Forum for Science, Industry and Business

Sponsored by:     3M 
Search our Site:

 

Pioneering space station experiment keeps reactions in suspense

11.12.2008
A revolutionary container-less chemical reactor, pioneered by the space research team at Guigné International Ltd (GIL) in Canada with scientists at the University of Bath, has been installed on the International Space Station. The reactor, named Space-DRUMS, uses beams of sound to position chemicals in mid-air so they don’t come into contact with the walls of the container.

Space-DRUMS is based on the DRUMS device (Dynamically Responding Ultrasonic Matrix System), originally developed by Professor Jacques Yves Guigné, Chief Scientist of GIL (now with PanGeo Subsea Inc) to survey the sea floor using sonar.

With participation from Professor Nick Pace from the University of Bath’s Department of Physics, and aerospace industrial associates of GIL, Professor Guigné has adapted the system to enable scientists to produce new materials in zero-gravity without using a container.

Professor Guigné, who gained his PhD at Bath and is now a Visiting Professor in the University’s Department of Physics, explained: “Space-DRUMS uses beams of sound energy to position solids or liquids which are floating in zero-gravity.

“If you’ve ever been to a really loud rock concert and stood in front of the speakers, you can actually feel the force of the sound when they turn up the volume. Space-DRUMS works like this but on a much gentler scale – the beams of sound energy work like invisible fingers that gently push the sample into the centre of the container so that it doesn’t touch the walls.

“Space-DRUMS uses 20 of these ‘fingers of sound’ arranged within a dodecahedron configured reactor such that the positions of the samples can be adjusted accurately.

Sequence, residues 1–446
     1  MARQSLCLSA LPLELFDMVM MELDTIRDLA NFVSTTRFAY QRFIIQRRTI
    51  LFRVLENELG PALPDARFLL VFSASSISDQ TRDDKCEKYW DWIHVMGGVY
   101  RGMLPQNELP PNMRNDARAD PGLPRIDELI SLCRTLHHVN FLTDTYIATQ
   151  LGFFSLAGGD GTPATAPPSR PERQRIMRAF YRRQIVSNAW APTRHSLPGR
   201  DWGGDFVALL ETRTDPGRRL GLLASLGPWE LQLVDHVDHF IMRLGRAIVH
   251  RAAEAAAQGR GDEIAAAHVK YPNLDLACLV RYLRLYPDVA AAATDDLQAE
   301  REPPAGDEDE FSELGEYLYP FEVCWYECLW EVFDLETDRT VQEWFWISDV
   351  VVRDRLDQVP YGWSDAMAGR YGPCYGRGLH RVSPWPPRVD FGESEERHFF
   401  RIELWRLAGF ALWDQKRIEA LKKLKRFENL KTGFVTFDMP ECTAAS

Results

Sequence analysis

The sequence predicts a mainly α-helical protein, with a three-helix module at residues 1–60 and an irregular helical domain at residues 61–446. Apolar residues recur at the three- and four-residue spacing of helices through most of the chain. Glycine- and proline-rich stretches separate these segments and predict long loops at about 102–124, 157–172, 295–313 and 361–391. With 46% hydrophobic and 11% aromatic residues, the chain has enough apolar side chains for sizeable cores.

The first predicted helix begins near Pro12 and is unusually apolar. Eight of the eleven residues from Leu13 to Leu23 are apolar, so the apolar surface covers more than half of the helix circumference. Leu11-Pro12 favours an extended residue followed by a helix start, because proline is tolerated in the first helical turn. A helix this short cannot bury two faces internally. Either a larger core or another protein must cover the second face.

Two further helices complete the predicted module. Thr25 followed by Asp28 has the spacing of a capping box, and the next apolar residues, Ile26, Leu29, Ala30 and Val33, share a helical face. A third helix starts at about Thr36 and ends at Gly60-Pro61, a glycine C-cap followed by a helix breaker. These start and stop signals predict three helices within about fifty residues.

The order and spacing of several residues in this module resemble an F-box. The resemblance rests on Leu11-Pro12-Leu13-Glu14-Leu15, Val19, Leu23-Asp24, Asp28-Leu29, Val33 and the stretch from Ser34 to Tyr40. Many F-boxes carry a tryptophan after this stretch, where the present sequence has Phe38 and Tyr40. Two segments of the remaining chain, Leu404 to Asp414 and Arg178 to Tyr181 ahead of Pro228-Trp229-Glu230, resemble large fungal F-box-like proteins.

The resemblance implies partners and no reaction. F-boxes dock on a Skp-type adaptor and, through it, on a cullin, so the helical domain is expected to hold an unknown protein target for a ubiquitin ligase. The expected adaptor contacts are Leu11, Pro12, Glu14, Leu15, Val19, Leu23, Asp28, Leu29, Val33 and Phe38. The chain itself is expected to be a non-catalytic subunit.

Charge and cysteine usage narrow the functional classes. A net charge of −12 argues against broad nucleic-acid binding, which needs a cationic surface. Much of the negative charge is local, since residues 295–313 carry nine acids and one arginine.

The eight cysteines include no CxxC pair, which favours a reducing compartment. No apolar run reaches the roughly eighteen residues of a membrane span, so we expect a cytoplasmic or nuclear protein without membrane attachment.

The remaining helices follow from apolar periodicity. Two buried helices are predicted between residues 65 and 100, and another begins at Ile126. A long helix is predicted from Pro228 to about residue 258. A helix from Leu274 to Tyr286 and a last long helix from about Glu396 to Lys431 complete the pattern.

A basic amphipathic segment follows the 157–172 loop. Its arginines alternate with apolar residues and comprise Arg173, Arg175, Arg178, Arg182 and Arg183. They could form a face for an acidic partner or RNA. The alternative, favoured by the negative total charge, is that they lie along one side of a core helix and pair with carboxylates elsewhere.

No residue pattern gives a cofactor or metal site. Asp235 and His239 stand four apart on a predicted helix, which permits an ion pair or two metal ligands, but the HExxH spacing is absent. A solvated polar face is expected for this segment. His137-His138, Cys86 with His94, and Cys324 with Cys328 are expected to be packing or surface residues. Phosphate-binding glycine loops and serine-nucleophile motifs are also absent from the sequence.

“This method of acoustic levitation means there is no chemical contamination from the container, which is vital for making ultra-pure materials such as temperature-resistant ceramics used in coatings for planes and engines.”

The equipment was initially tested in a low-gravity environment created by the vertical climbing and nose-diving flight path of a KC135 aeroplane, nick-named the vomit comet, similar to that used to train astronauts.

Space-DRUMS was launched into space in partnership with NASA and installed on the International Space Station on 14 November, coinciding with the International Space Station’s 10th anniversary celebrations. The final components will be sent into orbit in July 2009, with experiments starting shortly afterwards.

Professor Nick Pace said: “We are delighted that this key step has been achieved; we have waited several years to witness this milestone.

“The most exciting thing is that we can control the experiments from Earth. Our physics students will be able to use it as part of their final year projects – there aren’t many universities that can offer their students a chance to conduct experiments in space!”

In addition to making new materials, Space-DRUMS will also be used to study the physics of turbulence, which has diverse applications such as predicting the paths of hurricanes and helping biopharmaceutical studies.

Deputy Director of the Centre for Space, Atmospheric & Oceanic Sciences at Bath, Dr Philippe Blondel explained: “Even with large computer clusters, the understanding of complex weather patterns is still limited. Using Space-DRUMS will help us to better understand the behaviour of complex systems like hurricanes, their interaction with the atmosphere and hopefully anticipate where a hurricane can go next.

“Bath is at the forefront of this pioneering technology and we are really privileged by this opportunity to do these ground-breaking experiments in space.”

Press Team | alfa
Further information:
http://www.bath.ac.uk/news/releases
http://www.bath.ac.uk/news/2008/12/11/space-drums.html

More articles from Physics and Astronomy:

nachricht Engineering team images tiny quasicrystals as they form